Ordinary Russians are not yet feeling the sanctions, but they will be hit hard in the months to come. Such a view is offered by a Czech executive who has lived in Moscow for ten years and runs a company that imports Czech products into the country.
Despite his recent return to the Czech Republic, he asked us to remain anonymous for his own safety.
How can you get from Moscow to the Czech Republic today?
That works. There are several air connections between Europe and Russia, I used the route through Istanbul, but it also passes through Dubai or Kazakhstan. The trip, which took less than three hours, will now take all day. Otherwise, there are no complications – except that the tickets are extremely expensive.
There are few flights and high demand. I flew from Moscow and other people confirmed to me that many Russians, especially young people, disappeared from Russia. Next to me sat a computer scientist who works for an American company and who flew with his girlfriend to Turkey.
I also noticed that the owner of a Russian IT company who worked for a western company paid all his employees a ticket to Montenegro and from there they operate. They fear that the Internet will be cut off in Russia.
Why did you come back now? Was it a difficult decision?
I didn’t leave right away because I’m in charge of the company I run in Moscow. I have a responsibility not only to the owners, but also to the employees who did nothing wrong. They are Russians working for a foreign company. I will now run the business remotely.
Of course, there was also a group of Czechs in Moscow who immediately wowed him. But many Czechs stayed and are not going to leave yet. They have a job there, a business, they have been operating in Moscow for a long time and at the moment they are not in immediate danger.
What is ordinary life in Moscow like now?
Until I left, I noticed a mostly downgraded mood. People say: Yeah, they’re really fighting somewhere, it’s annoying that something like that happens. So far, there has not been a sharp rise in food prices, but many locals are wondering what to buy. People aren’t buying much more basic necessities.
How do Western corporate sanctions and withdrawals affect Russians?
The effects of the sanctions will not be felt for several months. In Moscow, I noticed that people panic a bit, withdraw more money and run out of ATMs for a short time, or there are limits. Before leaving I went to the bank and the ATMs were empty, but the next day the money was back.
So no big deal?
The big problem is certainly the transfer between Russia and the West. The companies have no way to pay for the goods and no one will logically supply them. Of course, there is also a problem with the delivery of the goods. We still have something in stock, but when it does, we won’t get anything else.
Otherwise, the effect of sanctions is not immediately visible. Of course, if McDonald’s closes its branches, it won’t be there, but the consequences will be felt in the coming months, and I think they will hit Russia very hard.
Can sanctions support Putin’s position in the country accordingly?
It’s a very difficult answer to that. Russians are used to biting and punishing. The protests are suppressed and I think they will have no choice but to endure the sanctions. I fear they will join Putin in the final.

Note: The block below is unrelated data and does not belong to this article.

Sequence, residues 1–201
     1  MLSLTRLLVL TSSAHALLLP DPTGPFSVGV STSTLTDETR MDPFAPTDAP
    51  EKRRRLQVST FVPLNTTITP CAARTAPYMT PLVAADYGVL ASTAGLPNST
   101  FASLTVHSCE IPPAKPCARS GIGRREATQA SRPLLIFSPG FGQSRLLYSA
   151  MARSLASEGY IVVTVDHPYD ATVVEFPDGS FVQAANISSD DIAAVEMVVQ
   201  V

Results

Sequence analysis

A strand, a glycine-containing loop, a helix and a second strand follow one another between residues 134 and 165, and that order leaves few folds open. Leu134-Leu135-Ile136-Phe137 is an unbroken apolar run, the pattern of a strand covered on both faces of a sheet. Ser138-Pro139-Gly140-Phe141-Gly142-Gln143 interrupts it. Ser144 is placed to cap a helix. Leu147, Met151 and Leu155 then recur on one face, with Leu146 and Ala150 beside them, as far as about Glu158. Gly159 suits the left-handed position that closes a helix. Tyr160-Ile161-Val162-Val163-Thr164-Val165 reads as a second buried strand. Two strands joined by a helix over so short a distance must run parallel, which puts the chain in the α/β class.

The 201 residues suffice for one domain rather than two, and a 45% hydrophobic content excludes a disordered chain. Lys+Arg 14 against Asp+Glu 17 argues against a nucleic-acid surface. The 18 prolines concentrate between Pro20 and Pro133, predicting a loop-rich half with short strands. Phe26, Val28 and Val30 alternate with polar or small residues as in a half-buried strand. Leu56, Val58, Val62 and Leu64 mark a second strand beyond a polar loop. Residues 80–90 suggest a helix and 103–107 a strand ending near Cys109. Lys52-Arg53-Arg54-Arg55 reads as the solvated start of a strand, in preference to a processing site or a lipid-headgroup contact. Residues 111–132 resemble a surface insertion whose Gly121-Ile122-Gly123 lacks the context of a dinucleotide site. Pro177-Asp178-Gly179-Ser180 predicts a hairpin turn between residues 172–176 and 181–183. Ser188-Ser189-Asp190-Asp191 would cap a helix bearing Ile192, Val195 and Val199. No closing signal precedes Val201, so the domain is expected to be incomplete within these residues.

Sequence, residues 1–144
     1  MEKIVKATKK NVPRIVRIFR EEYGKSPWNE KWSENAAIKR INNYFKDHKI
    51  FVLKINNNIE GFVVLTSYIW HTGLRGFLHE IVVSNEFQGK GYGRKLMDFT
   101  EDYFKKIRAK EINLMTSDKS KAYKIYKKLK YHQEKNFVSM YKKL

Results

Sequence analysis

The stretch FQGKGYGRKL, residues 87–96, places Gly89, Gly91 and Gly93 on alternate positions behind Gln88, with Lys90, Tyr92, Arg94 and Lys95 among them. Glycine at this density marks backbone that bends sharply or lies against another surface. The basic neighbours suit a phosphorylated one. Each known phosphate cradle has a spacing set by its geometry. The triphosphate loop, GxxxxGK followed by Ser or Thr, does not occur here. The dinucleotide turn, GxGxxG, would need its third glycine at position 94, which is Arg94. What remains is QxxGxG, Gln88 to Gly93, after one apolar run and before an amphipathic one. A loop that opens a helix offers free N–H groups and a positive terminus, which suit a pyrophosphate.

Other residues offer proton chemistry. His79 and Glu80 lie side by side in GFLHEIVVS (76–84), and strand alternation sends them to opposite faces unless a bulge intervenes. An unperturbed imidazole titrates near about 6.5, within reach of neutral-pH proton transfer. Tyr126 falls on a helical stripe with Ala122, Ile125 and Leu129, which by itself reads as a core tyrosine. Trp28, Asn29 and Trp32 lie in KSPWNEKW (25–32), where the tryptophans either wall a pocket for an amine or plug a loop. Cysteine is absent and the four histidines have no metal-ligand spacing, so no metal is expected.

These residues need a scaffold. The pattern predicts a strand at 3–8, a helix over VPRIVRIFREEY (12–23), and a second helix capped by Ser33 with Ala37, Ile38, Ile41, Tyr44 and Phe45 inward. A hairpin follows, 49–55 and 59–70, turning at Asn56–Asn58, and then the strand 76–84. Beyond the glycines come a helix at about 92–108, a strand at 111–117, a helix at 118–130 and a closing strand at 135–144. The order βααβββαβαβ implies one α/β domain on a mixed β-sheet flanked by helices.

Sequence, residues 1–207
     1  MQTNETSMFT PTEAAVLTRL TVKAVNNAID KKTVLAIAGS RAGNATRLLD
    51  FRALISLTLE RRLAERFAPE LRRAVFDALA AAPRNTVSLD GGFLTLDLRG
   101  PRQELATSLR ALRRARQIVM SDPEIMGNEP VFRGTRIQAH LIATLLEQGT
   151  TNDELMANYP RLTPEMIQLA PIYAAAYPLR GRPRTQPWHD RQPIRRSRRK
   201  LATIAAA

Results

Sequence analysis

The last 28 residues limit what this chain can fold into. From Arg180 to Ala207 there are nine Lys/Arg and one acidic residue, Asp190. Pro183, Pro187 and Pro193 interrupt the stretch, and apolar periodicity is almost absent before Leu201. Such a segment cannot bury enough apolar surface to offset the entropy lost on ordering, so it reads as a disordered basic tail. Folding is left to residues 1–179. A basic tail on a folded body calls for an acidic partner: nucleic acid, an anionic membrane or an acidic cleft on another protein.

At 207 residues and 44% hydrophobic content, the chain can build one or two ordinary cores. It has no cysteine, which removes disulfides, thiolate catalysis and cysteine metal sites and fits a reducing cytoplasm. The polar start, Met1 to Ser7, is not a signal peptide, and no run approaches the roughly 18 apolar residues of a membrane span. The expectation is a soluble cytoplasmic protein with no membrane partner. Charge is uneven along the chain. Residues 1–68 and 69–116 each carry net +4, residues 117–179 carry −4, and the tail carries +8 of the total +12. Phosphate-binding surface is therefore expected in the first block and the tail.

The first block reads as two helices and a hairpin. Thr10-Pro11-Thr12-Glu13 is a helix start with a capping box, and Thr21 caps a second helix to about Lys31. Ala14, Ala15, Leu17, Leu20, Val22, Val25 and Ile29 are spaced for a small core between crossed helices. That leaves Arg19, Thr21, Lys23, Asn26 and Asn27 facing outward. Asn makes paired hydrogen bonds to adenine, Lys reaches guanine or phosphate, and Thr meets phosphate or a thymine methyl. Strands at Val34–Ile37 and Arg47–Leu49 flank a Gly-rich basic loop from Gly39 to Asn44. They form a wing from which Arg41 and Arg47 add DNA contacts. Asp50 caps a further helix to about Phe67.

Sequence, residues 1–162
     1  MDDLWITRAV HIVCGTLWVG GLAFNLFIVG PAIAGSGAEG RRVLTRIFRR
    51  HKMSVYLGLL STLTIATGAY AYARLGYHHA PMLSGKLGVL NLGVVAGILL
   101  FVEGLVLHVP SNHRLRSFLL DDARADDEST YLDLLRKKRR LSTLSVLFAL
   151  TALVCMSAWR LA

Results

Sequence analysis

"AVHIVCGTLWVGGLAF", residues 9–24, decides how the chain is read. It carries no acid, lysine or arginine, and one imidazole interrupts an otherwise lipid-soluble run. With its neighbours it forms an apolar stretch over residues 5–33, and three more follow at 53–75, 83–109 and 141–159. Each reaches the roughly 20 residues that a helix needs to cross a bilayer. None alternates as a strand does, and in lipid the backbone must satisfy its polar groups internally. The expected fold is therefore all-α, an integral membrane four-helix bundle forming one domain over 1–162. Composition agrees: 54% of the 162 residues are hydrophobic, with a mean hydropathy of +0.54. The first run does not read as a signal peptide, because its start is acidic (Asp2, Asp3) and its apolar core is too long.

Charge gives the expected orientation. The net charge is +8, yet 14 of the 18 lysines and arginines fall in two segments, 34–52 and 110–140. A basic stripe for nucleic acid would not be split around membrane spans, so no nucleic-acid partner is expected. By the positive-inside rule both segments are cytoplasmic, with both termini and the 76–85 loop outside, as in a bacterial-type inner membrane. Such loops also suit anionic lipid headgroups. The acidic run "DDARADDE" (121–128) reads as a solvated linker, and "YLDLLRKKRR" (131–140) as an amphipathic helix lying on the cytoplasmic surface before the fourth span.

Everything is based on the fact that many people here say: we did nothing and only NATO approached us. I see views and opinions on both sides and it’s very complicated. Moreover, we are not talking about Russia, but about Moscow. The vast majority of Russians, small towns and villages, do not solve this in my opinion. They may have noticed that there is a war somewhere, but otherwise they don’t solve it. I have no illusions.
How will the war affect your business?
Many companies that produce here have already left and are preparing to nationalize the property they have here. We are importers, but if we don’t have the ability to import here and pay our suppliers, the business will end. There is no other way. We carefully evaluate what’s new every day. Of course, the ruble exchange rate, which has fallen terribly, is also a huge problem for us, and the importer crushes it incredibly.
How do you experience it personally, as a manager?
Very bad. I hung on to the onset of covid, which jammed the store. The end of 2020 was already looking good and last year it was a rebound, we had a lot of success, we are in millions of euros in turnover and then suddenly such a disaster happens day by day. Nobody expected that. Of course, as a manager, I have to adapt, we can only do the maximum. For now, that means trying to sell what we have in stock – and see what happens next.
Will you return to Russia?
Many things can be done remotely, but not everything. If I see that it makes sense to come back, yes. Personally, I’m very sad. Of what is happening in Ukraine, but also in business. Russia may not be such a big market for us at first glance, but I always thought it had great potential.
Moreover, I feel responsible for our employees, they are ordinary people. I also have a lot of people there who live in Russian-Ukrainian relations, and for example the parents of a Ukrainian who lives with a Russian are in Kharkov. They’re living in the basement for the third week and they can’t even send them money from here. It is a very difficult conflict on all sides. But there is no excuse for war.